In this article, Jeremy Robinson, Senior Associate in Bird & Bird’s International Competition Group, considers how the fight against cartels will be affected by today’s rulings in the House of Lords.
Ian Norris, former Chief Executive of Morgan Crucible, will have a further opportunity to fight extradition to the United States. Mr Norris, who is wanted by the US for his alleged participation in a price-fixing conspiracy, has been resisting extradition for five years.
Mr Norris had to take his fight all the way to the House of Lords. After the High Court's ruling last year, nothing short of a reversal of at least one of its major findings would have kept Mr Norris in the country. And yet this is precisely what happened.
The US Government had to show that cartel behaviour was at the relevant time an offence in the UK as well as the US in order to seek extradition. It had argued that before 20 June 2003 (when the Enterprise Act cartel offence into effect), price-fixing was still a crime at common law in the United Kingdom and could be charged as conspiracy to defraud. This argument had developed intellectual respectability after an article in 2005 by Leading Counsel had reviewed over a century of case law to conclude that price-fixing could be so charged.
This was a question of such fundamental importance, not merely for Mr Norris, but also for the individuals charged with conspiracy to defraud for their participation in price-fixing generic drugs supplied to the NHS. This is a case in which five companies and nine individuals (who were at the relevant times employees or directors of these companies) are being prosecuted by the Serious Fraud Office for conspiracy to defraud the Secretary of State for Health and others by fixing and maintaining the price, and manipulating the supply, of certain drugs.
Today, the House of Lords ruled that price-fixing was not a crime in the United Kingdom before 20 June 2003, when the Enterprise Act cartel offence came into force. It could not be said that the act of price-fixing was itself inherently fraudulent: rather, price-fixing could not be conspiracy to defraud unless there were an extra element of fraud or deception. This has two consequences for these cases.
First, since the act for which Mr Norris is wanted in the US took place before the cartel offence of the Enterprise Act came into force, the US Government relied on the argument that price-fixing in itself was conspiracy to defraud before then. Their Lordships’ ruling rejected this argument. Therefore the only basis on which Mr Norris can now be extradited to the US is for his alleged obstruction of justice which is criminal in essence in both the US and the UK. At the moment, the extradition of Mr Norris is on hold, whilst the case is remitted to a District Judge to consider Mr Norris’s human rights arguments.
Secondly, if a prosecution is to proceed against the individuals in the NHS price-fixing case, the indictment must be redrafted so that it makes clear that what is being charged as conspiracy to defraud is not the price-fixing itself, but the fact that the Defendants had made false statements to the authorities about their activities, thus falling within the exception identified in the Norris case (paragraph 63) that there had to be an additional element for it to be criminal.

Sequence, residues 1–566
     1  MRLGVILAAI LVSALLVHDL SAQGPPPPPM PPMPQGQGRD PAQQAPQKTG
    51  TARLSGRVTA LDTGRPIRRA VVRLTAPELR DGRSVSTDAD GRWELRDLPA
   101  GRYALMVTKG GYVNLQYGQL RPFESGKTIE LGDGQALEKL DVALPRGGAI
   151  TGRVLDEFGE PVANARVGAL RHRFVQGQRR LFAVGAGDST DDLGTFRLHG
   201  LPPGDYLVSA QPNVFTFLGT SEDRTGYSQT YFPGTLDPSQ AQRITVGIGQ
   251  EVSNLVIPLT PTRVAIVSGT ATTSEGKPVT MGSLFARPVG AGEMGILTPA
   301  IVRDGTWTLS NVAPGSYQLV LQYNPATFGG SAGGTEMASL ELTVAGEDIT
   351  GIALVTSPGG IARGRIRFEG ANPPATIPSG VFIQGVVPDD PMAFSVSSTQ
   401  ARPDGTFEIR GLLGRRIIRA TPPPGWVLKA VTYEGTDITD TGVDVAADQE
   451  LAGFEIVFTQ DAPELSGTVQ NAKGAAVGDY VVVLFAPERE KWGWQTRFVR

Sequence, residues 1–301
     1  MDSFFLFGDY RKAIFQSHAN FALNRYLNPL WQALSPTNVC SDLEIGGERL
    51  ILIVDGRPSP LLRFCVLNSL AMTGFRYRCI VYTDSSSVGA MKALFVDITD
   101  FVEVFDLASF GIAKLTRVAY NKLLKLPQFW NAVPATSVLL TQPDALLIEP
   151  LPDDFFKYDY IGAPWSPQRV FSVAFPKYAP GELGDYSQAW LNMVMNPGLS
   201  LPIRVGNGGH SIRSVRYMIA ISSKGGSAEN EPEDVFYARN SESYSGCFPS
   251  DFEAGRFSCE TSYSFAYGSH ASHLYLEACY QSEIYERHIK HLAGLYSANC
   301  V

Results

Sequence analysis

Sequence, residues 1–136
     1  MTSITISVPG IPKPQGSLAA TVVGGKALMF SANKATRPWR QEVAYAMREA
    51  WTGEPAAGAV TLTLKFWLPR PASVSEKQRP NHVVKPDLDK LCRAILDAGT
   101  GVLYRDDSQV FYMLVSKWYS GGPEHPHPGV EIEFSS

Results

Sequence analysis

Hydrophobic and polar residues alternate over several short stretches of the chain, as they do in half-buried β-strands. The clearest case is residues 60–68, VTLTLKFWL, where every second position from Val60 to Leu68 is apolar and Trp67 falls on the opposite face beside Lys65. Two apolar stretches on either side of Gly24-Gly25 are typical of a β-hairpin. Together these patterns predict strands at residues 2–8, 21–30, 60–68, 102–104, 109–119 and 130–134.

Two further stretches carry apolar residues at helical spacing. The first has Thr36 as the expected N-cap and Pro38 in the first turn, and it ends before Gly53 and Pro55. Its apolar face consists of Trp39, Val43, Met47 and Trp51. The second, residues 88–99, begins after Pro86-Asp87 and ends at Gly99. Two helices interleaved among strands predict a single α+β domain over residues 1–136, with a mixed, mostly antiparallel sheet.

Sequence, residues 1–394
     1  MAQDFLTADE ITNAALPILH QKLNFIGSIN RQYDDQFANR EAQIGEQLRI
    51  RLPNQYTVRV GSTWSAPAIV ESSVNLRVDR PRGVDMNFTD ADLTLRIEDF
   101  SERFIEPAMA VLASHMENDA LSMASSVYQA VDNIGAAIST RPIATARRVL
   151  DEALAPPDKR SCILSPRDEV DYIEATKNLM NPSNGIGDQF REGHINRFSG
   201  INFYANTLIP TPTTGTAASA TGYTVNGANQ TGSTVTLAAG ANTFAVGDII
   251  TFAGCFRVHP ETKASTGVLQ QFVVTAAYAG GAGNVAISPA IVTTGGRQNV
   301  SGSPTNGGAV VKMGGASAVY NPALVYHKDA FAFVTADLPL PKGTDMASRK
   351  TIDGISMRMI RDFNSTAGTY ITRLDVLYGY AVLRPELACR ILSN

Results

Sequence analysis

Cartels are inherently unstable: many collapse before they are uncovered. Cartel enforcement is designed to make them more unstable, with a combination of carrots (leniency, immunity, possibility of settlement) and sticks (fines, damages, director disqualification, criminality – including extradition to the US). For the UK and the US authorities, the possibility of imposing criminal penalties is considered to be a major weapon in the fight against cartels. In the UK, the prospect of businessmen being extradited to the US provokes a very real fear. But competition authorities also need good publicity of effective enforcement, to communicate to cartelists the risks of their actions.
On the one hand, today’s ruling suggests that the competition authorities have suffered a major blow. Britain’s cartelists of yesteryear will be able to stay in the country. But cartelists today and tomorrow are not so safe. First, if a cartelist is wanted in the US for activities after 20 June 2003, in circumstances where the act would fall within the Enterprise Act cartel offence, there is no reason why the US Government could not have the cartelist extradited to the US. Secondly, even for historic cartels, the act of obstruction of justice meets the necessary “dual criminality” feature of the Extradition Act for extradition to take place.
Other than these specific examples, we may question how much practical effect these rulings will have. For conspiracy to defraud, the number of cases where cartelists not only engage in price-fixing activity, but also go on record denying anything of the sort, may be very few.
It is true that in government procurements, participants are often required to confirm officially that they have not colluded with competitors in the preparation of their tenders. But whether there is blatant evidence of this additional degree of deception may be open to doubt if the authorities have not already brought prosecutions for other frauds taking place before June 2003.
Finally, today’s rulings do not affect the ongoing fight against criminal cartels using the Enterprise Act. Nor will it affect future extradition in the case of price-fixing cases dating from after June 2003.